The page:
The year 3 BCE was a time of severe drought, rebellion, and crisis for the Western Han Dynasty, which ultimately collapsed and gave way to what is called the Eastern Han. In that year, a messianic peasant cult worshiping Xi Wang Mu, the Queen Mother of the West, spread throughout the empire.
Xi Wang Mu is an ancient goddess of the western direction, which in Chinese cosmology is associated with tigers, autumn, the color white, the element metal, and death. Xi Wang Mu is especially associated with immortality. She reigns over an otherwordly paradise in the Kun Lun mountains of the far west, where she grows an orchard of the peach trees of immortality. According to Suzanne Cahill’s Transcendence & Divine Passion: The Queen Mother of the West in Medieval China, Mount Kun Lun “was considered a world mountain. It was a Chinese version of a type of religious geography that appears all over the ancient world: the axis mundi, or column joining heaven and earth, where humans and deities could ascend and descend. It was a place where the primal link between this world and heaven was not yet broken, a Garden of Eden where gods and men cold still communicate freely” (20). This unmediated contact between the divine and the human is a crucial feature of millenarianism, which understands divine forces as manifesting and spreading their influence upon the earth in order to bring about a return to the conditions of the Golden Age.
Xi Wang Mu is also associated with shamanism. Cahill writes that the goddess is often portrayed with “special headdress, leopard’s tail, and tiger’s teeth” which “are reminiscent of costumes worn by Chinese shamans” (17). Furthermore, Shang Dynasty (1766-112 BCE) oracle bone divination suggests a connection with the royal house: “If we make offering to the Eastern Mother and Western Mother, there will be approval” (12). Finally, in the Classic of Mountains and Seas, she is portrayed as both a creator in her role as a weaver and a destroyer in her aspect as a tiger (23). The promise of immortality was the primary religious motivation for the rapid proliferation of the Xi Wang Mu cult in 3 BCE, but her ancient associations with shamanism, rulership, and creation-destruction were clearly present as well.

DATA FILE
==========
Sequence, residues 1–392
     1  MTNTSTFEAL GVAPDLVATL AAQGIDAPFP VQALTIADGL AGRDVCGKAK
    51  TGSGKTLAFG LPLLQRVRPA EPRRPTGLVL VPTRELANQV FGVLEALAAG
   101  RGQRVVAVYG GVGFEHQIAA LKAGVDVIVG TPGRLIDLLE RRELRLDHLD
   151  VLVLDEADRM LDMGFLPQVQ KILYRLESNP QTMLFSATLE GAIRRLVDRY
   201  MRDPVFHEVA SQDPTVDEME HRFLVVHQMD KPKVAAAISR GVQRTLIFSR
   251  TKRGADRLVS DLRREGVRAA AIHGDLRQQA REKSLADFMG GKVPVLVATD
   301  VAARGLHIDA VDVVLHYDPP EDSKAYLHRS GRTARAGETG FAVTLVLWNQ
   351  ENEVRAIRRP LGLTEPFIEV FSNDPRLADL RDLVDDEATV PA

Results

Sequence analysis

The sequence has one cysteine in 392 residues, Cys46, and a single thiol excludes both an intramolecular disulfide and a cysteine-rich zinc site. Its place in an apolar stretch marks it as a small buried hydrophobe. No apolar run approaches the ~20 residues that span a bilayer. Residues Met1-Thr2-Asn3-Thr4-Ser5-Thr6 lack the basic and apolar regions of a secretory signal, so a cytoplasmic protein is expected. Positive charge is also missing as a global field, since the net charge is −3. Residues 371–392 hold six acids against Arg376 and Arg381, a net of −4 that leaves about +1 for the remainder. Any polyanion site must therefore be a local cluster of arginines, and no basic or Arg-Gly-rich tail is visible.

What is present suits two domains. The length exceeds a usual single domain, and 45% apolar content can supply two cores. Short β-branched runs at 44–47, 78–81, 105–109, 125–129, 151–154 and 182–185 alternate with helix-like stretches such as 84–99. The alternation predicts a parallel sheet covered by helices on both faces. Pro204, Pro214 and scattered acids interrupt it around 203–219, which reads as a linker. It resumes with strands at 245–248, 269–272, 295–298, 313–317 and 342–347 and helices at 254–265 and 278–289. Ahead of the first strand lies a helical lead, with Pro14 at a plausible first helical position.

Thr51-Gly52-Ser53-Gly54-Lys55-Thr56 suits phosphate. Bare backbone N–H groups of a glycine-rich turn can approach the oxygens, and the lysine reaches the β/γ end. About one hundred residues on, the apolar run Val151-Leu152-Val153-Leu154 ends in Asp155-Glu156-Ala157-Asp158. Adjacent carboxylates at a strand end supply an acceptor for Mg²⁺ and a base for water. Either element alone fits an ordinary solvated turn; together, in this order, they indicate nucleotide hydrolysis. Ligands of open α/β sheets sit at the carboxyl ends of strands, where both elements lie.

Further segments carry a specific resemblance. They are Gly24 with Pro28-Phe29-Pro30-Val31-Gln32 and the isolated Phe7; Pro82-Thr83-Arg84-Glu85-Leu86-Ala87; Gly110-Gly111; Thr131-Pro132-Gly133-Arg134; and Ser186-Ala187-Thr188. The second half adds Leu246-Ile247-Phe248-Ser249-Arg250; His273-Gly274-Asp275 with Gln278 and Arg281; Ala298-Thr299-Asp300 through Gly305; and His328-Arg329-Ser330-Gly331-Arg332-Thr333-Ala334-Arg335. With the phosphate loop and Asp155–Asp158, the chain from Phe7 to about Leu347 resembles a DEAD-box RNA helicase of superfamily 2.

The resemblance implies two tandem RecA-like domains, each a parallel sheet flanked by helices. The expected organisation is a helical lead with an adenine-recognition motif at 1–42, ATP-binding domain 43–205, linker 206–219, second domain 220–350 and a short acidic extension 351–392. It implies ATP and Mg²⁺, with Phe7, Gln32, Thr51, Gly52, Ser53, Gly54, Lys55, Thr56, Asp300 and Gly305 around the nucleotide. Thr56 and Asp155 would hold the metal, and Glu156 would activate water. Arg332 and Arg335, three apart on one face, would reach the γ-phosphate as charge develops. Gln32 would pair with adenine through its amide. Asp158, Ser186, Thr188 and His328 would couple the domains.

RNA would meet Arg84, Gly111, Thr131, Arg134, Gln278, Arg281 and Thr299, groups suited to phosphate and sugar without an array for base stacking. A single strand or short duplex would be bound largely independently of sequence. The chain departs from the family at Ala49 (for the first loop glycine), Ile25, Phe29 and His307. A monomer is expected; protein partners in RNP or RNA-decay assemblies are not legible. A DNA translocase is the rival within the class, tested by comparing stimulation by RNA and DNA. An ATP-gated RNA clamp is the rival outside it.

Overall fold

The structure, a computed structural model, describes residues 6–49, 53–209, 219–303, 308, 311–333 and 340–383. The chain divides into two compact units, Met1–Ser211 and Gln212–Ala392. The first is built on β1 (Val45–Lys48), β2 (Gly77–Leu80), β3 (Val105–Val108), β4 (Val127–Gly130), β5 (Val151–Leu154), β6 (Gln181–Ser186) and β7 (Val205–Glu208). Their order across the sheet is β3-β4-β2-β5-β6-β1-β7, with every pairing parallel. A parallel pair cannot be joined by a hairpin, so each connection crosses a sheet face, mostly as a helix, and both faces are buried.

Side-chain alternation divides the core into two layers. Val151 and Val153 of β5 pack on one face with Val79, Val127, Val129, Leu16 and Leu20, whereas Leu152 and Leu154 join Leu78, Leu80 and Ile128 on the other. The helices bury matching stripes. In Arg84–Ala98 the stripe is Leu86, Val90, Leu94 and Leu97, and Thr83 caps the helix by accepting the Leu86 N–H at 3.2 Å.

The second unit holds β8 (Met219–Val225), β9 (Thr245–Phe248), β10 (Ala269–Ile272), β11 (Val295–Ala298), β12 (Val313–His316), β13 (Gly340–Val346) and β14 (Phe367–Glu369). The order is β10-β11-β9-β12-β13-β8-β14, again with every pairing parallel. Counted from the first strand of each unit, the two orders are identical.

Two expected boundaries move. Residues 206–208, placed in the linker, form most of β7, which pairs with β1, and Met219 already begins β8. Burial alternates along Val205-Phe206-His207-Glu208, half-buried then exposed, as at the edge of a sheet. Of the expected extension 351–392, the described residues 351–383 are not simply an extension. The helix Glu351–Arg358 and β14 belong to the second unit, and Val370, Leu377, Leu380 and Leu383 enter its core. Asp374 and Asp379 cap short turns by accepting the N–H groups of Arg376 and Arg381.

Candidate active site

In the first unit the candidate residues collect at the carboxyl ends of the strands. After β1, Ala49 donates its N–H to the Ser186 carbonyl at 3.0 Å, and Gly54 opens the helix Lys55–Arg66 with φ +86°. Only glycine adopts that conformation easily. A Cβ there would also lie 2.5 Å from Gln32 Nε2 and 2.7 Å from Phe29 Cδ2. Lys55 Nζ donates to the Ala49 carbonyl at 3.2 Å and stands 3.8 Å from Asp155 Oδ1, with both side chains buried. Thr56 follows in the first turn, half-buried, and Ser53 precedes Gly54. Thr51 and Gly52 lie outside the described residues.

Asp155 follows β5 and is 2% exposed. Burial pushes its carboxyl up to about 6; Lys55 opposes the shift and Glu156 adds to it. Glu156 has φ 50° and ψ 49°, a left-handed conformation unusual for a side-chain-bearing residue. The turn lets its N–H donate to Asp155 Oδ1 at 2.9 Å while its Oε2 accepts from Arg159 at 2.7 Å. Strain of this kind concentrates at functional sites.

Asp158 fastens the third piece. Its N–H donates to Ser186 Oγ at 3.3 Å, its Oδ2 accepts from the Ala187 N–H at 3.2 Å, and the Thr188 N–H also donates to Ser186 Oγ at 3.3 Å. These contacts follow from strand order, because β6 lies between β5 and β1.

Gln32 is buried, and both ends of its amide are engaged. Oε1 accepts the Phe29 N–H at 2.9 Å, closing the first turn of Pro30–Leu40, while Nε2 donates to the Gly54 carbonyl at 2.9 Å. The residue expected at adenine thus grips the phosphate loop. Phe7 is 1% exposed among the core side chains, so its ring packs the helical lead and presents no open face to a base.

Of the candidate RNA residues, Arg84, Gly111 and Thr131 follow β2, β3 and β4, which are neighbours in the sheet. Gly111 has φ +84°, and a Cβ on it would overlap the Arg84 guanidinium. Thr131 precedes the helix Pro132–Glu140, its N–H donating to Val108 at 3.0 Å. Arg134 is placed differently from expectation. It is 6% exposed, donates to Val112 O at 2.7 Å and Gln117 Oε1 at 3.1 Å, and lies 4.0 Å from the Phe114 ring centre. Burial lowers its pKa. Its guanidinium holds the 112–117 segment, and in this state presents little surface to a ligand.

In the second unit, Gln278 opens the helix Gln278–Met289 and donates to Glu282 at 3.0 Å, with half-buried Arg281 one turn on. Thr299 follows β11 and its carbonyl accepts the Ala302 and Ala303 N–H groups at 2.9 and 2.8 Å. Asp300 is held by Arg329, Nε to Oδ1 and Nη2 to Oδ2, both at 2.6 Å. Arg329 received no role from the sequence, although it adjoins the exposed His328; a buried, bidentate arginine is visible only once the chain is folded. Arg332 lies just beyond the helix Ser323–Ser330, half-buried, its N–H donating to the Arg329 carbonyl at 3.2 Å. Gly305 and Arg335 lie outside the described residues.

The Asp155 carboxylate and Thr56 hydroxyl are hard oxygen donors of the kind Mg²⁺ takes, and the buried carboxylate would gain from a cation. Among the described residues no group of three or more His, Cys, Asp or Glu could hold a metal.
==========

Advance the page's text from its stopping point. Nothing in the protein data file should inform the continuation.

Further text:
Court historians rarely wrote about peasant religion, except when they could be interpreted as omens of dynastic crisis. The “Monograph on Strange Phenomenona,” a history of omens written much later than the actual events, provides an account of what happened:
The population was running around in a state of alarm, each person carrying a manikin of straw or hemp. People exchanged these emblems with one another […] thousands met in this way on the roadsides, some with disheveled hair or going barefoot. Some of them broke down the barriers of gates by night; some clambered over walls to make their way into houses; some harnessed teams of horses to carriages and rode at full gallop, setting up relay stations so as to convey the tokens. They passed through 26 commanderies and kingdoms until they reached the capital city.”
That summer […] in the village settlements, the lanes, and paths across the fields, they held services and set up gaming boards for a lucky throw; and they sang and danced in worship of Xi Wang Mu. They also passed around a written message, saying, “The Mother tells the people that those who wear this talisman will not die; let those who do not believe her words look beneath the pivot of their gates, and there will be white hairs there to show that this is true.” (qtd. in Cahill 21-22)